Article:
Moving Is Fun... Said No One Ever!

Just when I had most of my tools sorted and organized... I decided it was time to sell my house and find a new place to call home.

My garage, albeit small—mostly due to the large commercial shelving units I have—was too tight for me to comfortably wrench on my '76 Corvette. And since there are several back-burner projects I'd like to tackle sooner rather than later, this was one of the many reasons for me to list my house.

Real estate market conditions seem to be favorable for selling homes, and only time will tell the story if a sale takes place.

But being the optimistic type, I am well into the process of packing all my belongings and, consequently, my garage nowadays looks more like a disaster area than the tidy and well-organized shop it used to be a few weeks ago. And it's driving me crazy!

First, I disassembled all the shelving. These shelves have been with me through four moves in the last eight years and are commercial-grade, so they're expensive to replace and I was not going to leave them behind.

Try as you may, some things are just impossible to store in boxes, and there's a big contingent of such items scattered all over the place. Frankly, they are a bit of a pain, but I've managed before and this time will be no different.

Believe it or not, all of the shelving has been reduced to the very small bunch of metal pieces and the stack of wood shelves in the photo above. Everything is properly bundled, grouped, and numbered to make reassembly easier.

My tool assortment has been reduced to just a few indispensable handtools. My rolling toolbox is still somewhat accessible should I need more specialized wrenches.

I don't know about you, but I have a hard time getting rid of old Corvette parts. Don't get me wrong, I've done it many times, but it never fails that I end up needing today whatever it is I've thrown away the day before.

So, with that in mind, I tend to hang on to a few old parts "just in case."

My plan is to find a good place for all these parts and have them categorized properly. There also are lots of small bags of brand new C3 Corvette hardware that I have accumulated over the years that need to be sorted, organized, and easily accessible.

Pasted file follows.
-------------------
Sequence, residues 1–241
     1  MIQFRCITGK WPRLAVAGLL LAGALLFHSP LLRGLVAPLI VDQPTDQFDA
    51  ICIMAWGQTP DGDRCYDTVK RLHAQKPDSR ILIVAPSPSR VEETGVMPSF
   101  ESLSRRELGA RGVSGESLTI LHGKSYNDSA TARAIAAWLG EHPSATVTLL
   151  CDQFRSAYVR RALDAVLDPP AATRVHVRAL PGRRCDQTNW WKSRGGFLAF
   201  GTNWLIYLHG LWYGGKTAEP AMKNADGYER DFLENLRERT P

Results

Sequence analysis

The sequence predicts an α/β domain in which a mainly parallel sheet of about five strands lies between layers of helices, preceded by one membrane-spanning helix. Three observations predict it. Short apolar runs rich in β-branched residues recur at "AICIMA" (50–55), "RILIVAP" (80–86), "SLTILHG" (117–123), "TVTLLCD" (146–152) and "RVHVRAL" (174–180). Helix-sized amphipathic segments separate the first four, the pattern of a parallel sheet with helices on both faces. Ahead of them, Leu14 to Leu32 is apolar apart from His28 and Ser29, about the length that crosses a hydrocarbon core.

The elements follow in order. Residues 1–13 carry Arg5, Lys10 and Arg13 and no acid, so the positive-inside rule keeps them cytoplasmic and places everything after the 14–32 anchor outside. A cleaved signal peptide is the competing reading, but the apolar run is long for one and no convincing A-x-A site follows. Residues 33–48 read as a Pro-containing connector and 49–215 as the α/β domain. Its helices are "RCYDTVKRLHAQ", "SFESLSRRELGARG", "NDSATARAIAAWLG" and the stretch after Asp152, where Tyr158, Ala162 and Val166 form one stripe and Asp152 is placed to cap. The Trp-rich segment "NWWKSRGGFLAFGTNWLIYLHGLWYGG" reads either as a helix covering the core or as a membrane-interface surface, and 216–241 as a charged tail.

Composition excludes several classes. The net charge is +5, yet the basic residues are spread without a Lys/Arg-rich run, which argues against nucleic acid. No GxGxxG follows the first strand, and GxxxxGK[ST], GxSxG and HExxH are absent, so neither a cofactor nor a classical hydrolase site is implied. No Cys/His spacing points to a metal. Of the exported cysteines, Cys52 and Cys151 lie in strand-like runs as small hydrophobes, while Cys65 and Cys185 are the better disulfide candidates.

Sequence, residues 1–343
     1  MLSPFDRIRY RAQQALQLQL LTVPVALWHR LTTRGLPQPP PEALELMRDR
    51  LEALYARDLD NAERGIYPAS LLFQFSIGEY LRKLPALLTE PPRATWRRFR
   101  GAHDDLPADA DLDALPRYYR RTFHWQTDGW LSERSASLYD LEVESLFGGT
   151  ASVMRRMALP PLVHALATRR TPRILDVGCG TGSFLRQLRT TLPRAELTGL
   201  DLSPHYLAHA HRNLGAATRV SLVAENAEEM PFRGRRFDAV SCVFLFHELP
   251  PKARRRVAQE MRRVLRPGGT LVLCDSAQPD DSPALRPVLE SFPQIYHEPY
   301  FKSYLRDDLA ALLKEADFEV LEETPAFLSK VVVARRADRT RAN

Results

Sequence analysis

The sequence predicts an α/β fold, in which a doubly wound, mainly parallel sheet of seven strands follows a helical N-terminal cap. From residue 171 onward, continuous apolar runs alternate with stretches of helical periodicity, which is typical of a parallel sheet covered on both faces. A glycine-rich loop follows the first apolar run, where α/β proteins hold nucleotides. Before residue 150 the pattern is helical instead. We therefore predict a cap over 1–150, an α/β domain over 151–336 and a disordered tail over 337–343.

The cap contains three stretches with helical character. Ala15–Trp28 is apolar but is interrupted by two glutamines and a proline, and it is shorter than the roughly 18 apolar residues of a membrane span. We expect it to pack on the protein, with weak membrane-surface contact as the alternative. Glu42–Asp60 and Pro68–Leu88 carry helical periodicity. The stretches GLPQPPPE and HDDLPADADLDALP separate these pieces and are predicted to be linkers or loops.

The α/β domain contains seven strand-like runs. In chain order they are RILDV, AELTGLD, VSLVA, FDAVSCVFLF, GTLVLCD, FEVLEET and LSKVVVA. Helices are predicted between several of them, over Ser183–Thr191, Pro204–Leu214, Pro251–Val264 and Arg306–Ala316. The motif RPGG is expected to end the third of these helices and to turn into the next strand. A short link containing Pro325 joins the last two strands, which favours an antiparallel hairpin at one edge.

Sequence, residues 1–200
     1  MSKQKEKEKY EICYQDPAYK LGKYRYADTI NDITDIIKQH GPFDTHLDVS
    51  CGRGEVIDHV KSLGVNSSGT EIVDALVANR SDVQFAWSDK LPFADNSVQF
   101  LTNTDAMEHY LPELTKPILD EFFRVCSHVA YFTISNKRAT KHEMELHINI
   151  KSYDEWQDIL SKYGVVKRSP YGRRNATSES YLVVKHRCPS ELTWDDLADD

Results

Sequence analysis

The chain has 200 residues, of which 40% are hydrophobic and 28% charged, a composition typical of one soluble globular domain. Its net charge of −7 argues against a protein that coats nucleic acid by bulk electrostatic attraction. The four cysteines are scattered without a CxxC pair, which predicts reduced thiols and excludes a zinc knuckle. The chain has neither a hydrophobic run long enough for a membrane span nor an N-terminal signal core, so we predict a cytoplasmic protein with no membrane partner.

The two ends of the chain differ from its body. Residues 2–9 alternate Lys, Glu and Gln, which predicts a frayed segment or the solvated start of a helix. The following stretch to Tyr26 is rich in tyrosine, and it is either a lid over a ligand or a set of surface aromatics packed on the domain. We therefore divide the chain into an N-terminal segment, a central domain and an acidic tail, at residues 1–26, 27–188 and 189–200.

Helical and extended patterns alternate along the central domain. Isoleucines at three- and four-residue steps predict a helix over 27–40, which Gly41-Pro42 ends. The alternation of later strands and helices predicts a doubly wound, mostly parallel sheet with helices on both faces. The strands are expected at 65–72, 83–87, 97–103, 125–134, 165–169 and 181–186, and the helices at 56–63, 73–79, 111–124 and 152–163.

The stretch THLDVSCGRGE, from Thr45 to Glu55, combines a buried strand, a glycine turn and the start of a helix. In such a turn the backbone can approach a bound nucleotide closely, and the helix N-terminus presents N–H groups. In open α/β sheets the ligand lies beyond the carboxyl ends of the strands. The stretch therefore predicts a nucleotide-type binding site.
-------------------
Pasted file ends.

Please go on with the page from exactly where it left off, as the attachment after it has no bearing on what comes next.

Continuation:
Part of my "master plan" if you would, is to build drawers and integrate them into the metal shelving. Shelves by themselves are only marginally useful as you still waste a lot of the vertical space. Custom-built drawers and cabinets solve that issue.

Not to mention that by doing so I would have the perfect excuse to purchase a few woodworking tools I've always wanted. Actually, I've owned many in the past but sold them due to space constraints. Yeah, the story tends to repeat itself.

Needless to say—if I'm able to sell my home—my plan calls for a 2-car garage (at least) as well as some land. Ideally, an acre that would allow me to maybe build a metal building for a wood and metal shop. Hey, a guy can dream, right?

And if you are curious as to why am I moving?

Well, after almost four decades in the Sunshine State, the time for a change is overdue. I've lived through too many hurricanes, countless tropical storms, and I've had my fill. Besides, Central Florida has grown quite a lot since I moved here in 1990 and that's gotten old. Too many people, too many cars, too much of everything.

Don't get me wrong. I still love Florida and I may end up living just over the state line in Southern Georgia if everything goes according to plan.

But you know what they say about the best-laid plans.

Thank you for following my '76 Vette Blog!

Product Links... (#sponsored)

• How to Restore Your C3 Corvette: 1968-1982
• 1968-1982 Corvette Restoration Guide, 2nd Edition
• Corvette Black Book | 1953-2019
• 1976 Corvette Service & Overhaul Manual
• 1976 Corvette Service & Overhaul Manual CD-ROM
• 1976 Corvette Dealer Sales Brochure | GM-Licensed Reprint
• 1976 Corvette Stingray Owner's Manual | GM-Licensed Reprint
• 1976 Corvette Assembly Manual